"You Have Won a Vacation" Scams: What They Involve and How to Spot Them

November 21, 2018

You are at a coffee shop, waiting for your caffè latte, when you impulsively decide to fill in a form promoting a free vacation. Or you are relaxing in front of the TV when you receive a telephone call saying you’ve been selected to receive a travel vacation free of charge? Unfortunately, these scenarios are very common. And the harsh truth is that everyone who fills in a form and everyone who receives a phone call is told they have been “selected.” You may believe you have “won” a free holiday, but the reality is that the trip promoted will probably end up costing you a lot of money.

This telemarketing scam has existed for a long time, and it seems to be very successful. According to the U.S. Federal Trade Commission, millions of dollars are made on telemarketing schemes such as this every month, leaving unwitting consumers well out of pocket.

These types of scams are generally conceived of in “boiler rooms.” A boiler room is a euphemism used to describe any place where highly skilled salespeople call lists of possible buyers in the hope of selling them fraudulent products, services or securities. These lists are often referred to as “sucker lists” for obvious reasons. These salespeople deliver sales pitches about travel deals that appear to be genuine, but more often than not are scams. 

So what should you look out for when you receive a call from someone selling you a “free” holiday? Here are some tips:

  • The salesperson may request your credit card details. The second you hear the words credit card number, you should become suspicious and may want to end the telephone conversation then and there.
  • If you do unknowingly go ahead and give your credit card details, you may be sent a set a list of steps you need to complete to confirm your reservation. It may cost you even more money to make and finalize your reservation. By now you should be feeling worried. Your “free” vacation is already costing you a small fortune. Moreover, the conditions placed on the vacation could be so restrictive that you can never actually take the trip. Or, the reservation may not even be approved.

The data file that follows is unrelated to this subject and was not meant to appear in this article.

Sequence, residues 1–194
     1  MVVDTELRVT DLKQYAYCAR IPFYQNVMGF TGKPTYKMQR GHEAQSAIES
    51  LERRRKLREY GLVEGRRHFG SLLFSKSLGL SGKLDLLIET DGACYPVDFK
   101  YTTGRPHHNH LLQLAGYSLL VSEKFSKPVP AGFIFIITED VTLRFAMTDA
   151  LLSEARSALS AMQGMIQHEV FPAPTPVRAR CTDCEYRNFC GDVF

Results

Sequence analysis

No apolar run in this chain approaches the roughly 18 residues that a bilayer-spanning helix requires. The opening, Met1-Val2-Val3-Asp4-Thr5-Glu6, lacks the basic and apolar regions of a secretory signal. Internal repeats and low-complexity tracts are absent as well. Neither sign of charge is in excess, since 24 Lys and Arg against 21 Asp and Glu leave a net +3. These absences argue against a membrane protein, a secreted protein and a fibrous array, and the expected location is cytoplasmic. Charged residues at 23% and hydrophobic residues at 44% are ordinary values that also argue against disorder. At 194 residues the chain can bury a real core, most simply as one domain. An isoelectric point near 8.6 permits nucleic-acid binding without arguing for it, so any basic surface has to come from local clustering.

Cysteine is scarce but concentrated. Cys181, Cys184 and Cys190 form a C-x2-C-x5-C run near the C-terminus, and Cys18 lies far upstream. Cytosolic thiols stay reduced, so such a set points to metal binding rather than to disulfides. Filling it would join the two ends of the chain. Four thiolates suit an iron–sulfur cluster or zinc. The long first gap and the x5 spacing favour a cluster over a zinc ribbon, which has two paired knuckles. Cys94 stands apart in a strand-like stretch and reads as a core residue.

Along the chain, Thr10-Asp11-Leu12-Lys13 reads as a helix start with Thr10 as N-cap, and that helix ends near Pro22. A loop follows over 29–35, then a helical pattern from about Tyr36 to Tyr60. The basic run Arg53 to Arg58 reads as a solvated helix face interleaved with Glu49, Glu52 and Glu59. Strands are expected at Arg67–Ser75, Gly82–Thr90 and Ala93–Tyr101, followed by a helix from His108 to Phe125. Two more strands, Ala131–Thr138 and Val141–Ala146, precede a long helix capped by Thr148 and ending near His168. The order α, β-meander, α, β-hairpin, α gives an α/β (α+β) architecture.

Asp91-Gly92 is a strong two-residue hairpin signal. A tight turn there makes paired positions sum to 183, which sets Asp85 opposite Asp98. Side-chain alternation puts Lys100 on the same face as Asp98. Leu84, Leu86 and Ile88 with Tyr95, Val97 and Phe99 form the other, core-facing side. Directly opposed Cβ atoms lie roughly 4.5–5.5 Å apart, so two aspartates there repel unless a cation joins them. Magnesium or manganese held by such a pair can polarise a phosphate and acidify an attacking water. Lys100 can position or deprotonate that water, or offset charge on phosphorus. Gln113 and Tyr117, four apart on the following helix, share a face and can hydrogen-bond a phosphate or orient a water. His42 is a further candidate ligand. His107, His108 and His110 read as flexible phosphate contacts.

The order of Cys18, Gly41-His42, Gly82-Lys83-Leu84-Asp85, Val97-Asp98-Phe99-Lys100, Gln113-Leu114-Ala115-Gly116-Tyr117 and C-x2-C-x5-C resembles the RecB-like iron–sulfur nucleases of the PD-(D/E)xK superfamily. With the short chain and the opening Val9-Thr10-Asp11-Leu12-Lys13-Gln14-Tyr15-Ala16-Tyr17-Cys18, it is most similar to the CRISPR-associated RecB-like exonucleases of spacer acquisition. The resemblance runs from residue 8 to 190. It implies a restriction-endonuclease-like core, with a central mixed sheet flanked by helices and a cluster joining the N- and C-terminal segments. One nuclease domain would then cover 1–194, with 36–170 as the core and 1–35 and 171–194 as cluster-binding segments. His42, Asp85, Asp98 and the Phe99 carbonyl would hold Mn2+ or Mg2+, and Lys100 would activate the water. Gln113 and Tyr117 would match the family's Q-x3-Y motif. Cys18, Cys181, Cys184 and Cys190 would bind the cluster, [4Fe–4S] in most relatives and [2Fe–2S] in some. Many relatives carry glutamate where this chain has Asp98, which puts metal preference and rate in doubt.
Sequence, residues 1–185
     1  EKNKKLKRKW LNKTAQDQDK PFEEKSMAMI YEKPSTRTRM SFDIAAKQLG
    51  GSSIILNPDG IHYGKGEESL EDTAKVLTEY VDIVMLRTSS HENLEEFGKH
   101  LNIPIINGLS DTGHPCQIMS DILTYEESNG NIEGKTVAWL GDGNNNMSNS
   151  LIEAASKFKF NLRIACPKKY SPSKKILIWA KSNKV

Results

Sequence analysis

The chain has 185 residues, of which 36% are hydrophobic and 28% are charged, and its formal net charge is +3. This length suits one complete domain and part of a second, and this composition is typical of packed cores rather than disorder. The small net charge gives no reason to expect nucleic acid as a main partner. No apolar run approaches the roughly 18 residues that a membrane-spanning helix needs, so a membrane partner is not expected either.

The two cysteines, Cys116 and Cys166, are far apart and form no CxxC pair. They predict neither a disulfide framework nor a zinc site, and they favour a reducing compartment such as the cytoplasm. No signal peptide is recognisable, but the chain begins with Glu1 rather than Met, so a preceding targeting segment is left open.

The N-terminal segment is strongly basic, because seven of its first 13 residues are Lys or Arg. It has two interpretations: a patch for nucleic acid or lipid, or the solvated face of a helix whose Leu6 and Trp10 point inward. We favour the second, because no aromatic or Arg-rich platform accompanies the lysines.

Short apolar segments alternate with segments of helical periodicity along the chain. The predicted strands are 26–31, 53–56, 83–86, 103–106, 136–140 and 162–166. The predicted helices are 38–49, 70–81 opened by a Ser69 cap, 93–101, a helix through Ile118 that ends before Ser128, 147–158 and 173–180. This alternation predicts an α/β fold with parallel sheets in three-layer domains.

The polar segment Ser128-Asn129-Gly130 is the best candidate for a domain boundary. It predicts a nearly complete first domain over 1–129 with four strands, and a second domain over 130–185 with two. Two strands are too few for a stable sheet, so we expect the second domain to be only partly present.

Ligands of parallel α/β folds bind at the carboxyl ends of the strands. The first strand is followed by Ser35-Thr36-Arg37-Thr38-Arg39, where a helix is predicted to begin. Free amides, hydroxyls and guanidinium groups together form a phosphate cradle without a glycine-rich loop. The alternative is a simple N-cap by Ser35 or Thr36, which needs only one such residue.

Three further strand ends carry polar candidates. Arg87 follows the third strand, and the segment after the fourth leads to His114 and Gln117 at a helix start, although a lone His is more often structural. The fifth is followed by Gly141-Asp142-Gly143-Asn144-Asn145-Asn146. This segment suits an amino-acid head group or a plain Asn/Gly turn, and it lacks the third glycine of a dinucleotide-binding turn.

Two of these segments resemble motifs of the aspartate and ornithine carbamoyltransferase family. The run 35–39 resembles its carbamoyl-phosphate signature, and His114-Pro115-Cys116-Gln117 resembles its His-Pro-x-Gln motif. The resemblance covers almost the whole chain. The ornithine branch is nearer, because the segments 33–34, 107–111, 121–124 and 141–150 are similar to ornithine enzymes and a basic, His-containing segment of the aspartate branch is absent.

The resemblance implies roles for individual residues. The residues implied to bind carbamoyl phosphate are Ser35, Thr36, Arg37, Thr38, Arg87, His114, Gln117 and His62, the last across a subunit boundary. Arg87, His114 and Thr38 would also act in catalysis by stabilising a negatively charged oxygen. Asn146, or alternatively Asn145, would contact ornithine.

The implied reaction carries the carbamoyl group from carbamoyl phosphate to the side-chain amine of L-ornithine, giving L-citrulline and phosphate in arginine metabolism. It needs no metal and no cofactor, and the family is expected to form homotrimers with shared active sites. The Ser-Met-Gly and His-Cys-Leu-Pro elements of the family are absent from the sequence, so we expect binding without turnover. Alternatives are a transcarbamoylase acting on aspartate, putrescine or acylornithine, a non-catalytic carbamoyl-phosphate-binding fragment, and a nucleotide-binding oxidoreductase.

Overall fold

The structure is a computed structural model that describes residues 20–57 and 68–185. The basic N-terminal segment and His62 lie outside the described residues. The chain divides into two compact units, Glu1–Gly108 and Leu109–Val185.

• Another trick scammers use is to present you with rather convincing deals. They will often try to sell club memberships or discounted vacations, rather than trying to scam you out of all your money. Because they sound believable such fraudulent deals can be difficult to spot. Keep your eyes open for restrictions, hidden fees and fees to upgrade.
  • Be wary of any travel offers that do not openly disclose information about the company offering them, such as its name and location. It is also a must to receive everything in writing before you pay anything. Before you commit to anything read the cancellation policies carefully and review all terms and conditions.
  • These expert salespeople also use high-pressure tactics and tend to say something along the lines of “If you don’t accept our offer immediately it will expire” or “Don’t miss this one-time opportunity.” Also, they generally dismiss or overlook any concern you may have.

If you believe you’ve been the victim of a telemarketing travel scam, contact MyChargeBack for a free consultation. We’ll let you know if we can help you recover your money.